If you head to Treigny, in northern Burgundy, you’ll find a magical location filled with the wonders of history. Such is the captivating pull of Guédelon Castle.
This modest half built 13th century pile sat amongst a construction site, pulls in more that 300,000 visitors per year. In fact, it’s one of France’s most popular attractions. On paper it doesn’t sound all that interesting – an old disused quarry, and a pile of stone being used to construct a castle that doesn’t look at all grand. But I can assure you Guédelon has to be seen to be believed.
You are literally stepping back in time…
The brainchild of local castle owner Michel Guyot and Maryline Martin, who wanted to bring work to the local area, they now have a 70-strong team and hundreds of volunteers – some who return time and time again.
Staff are in full 13th-century costumes. Practically everything here is made on site, from the ropes and tools to roof tiles and paint. Meanwhile, you watch in awe as horse and cart are used to transport the stone to the stone masons. You can hear the constant clanging of iron on stone from every vantage point around the site.
This is the reason why Guédelon is so incredible, and why, even in the pouring rain all day we were reluctant to leave – so thirsty to drink in more information, and hear more tales from our wonderful guide Hein.
His passion for the project knows no bounds. From the minute he met us until the very end of the day his enthusiasm was infectious. He explained every detail, his stories were fascinating. Such as how when they first starting building the walls, a leading historian came along and told them they had got it wrong… the stonework was far too neat, and not in keeping with the era. So it was back to the drawing board – and if you look closely as the bottom, you’ll see the difference.
But that’s the why this working project is so astounding. The team are determined to keep the integrity of the build as true to history as possible and is a work in progress. Each job from the masons, to the iron mongers to the carpenters and blacksmiths have been on a steep learning curve as the project progresses. And it’s wonderful that each worker is so dedicated to the cause.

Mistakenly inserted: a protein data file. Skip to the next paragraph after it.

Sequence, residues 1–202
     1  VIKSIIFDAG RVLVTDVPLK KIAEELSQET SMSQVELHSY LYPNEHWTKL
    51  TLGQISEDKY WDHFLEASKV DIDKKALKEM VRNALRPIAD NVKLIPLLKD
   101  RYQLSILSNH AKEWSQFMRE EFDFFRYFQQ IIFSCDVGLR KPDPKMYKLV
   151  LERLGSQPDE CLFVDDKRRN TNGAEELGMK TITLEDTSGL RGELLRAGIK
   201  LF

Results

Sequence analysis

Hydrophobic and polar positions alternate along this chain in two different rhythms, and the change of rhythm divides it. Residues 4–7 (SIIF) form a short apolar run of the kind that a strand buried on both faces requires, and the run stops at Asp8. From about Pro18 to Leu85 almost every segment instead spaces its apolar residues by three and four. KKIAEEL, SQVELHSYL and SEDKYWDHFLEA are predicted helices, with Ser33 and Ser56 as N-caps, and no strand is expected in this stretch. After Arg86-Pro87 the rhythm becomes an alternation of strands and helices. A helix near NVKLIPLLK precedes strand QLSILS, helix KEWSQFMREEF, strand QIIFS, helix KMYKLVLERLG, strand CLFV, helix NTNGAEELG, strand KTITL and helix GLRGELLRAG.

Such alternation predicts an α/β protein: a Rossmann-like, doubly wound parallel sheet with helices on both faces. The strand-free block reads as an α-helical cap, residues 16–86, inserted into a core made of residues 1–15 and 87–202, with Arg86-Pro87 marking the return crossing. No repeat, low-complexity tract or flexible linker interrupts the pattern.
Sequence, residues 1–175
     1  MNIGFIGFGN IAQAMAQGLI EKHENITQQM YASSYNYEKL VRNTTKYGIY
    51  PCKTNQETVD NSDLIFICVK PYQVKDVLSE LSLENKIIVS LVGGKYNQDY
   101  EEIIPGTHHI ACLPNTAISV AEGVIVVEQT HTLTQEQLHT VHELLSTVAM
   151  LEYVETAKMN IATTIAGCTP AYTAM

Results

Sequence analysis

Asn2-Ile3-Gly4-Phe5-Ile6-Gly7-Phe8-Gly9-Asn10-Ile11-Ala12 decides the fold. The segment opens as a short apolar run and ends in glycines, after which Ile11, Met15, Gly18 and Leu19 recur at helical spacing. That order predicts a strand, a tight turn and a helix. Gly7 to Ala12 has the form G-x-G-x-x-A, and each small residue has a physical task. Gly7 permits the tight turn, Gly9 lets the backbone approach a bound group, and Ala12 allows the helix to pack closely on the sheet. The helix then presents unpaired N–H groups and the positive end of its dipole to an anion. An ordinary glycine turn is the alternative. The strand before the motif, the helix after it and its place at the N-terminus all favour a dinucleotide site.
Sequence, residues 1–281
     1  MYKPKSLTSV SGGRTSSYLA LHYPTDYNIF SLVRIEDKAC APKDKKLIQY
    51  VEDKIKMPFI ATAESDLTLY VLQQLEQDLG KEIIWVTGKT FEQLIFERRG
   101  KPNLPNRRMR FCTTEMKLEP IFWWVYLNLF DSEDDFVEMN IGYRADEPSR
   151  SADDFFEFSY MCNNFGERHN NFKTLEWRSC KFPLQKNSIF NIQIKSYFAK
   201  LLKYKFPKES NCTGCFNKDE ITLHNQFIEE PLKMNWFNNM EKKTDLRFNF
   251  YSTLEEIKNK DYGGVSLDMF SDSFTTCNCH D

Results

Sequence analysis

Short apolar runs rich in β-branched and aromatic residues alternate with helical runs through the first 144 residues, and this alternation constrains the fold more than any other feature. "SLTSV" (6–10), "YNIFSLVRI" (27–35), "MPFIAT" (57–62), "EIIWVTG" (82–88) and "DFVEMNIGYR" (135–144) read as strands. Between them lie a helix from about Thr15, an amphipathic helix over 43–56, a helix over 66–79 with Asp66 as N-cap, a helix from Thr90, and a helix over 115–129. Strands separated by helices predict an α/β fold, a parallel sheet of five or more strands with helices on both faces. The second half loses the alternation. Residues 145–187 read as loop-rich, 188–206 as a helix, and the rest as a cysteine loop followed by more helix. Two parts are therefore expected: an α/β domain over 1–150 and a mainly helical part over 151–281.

We were also astounded by the stamina of Monkey. Squelching in the mud all day and listening to historical facts may not have been his idea of fun, but not only was he slightly in awe of Hein, determined to keep up with his long strides throughout the day he also had pals – thanks to Sarah and her lovely family from Extraordinary Chaos. We also spent some time at a stone carving workshop. Even though Monkey was a little to young to understand the intricate details of what was required – he really enjoyed taking part. It was the men, however, who took the activity very seriously – keen to impress Hein with their handiwork!
Guédelon has been featured on a BBC documentary series such is the interest behind this extraordinary experiment. Due to finish in 2022, even Maryline has admitted that even when the end is in sight, there will always be something to that needs doing, more methods to be discovered – could this be the never-ending project?
As a family, we felt so honoured to be able to experience Guédelon in its raw state, because we got to see first hand the blood, sweat and tears that have gone into constructing this truly amazing building. It also means once we return again, we’ll be able to see the immense progress they’ve made.
Things to Know
• Tickets can be purchased on site. Adults cost €12; Kids (5-17) €10; Family Tickets €39
• If you are able to, I would highly recommend a guided tour. Guédelon is fascinating to wander around, but the history really comes alive when you learn the details behind the project
• The Stone Carving Workshop is suitable for children 6+, and costs €6 per person
• Don’t be put off by the French signs and lack of English speaking staff – seek out Hein or Sarah Preston, who will be happy to show you around
• There are several eateries on site which serve up main meals such as baked chicken and sausages (it was delicious) at The Tavern to light lunches at reasonable prices. You can also bring your own food and eat at the picnic areas.
• Guédelon is open come rain or shine. So make you take comfortable shoes and waterproof gear – just in case…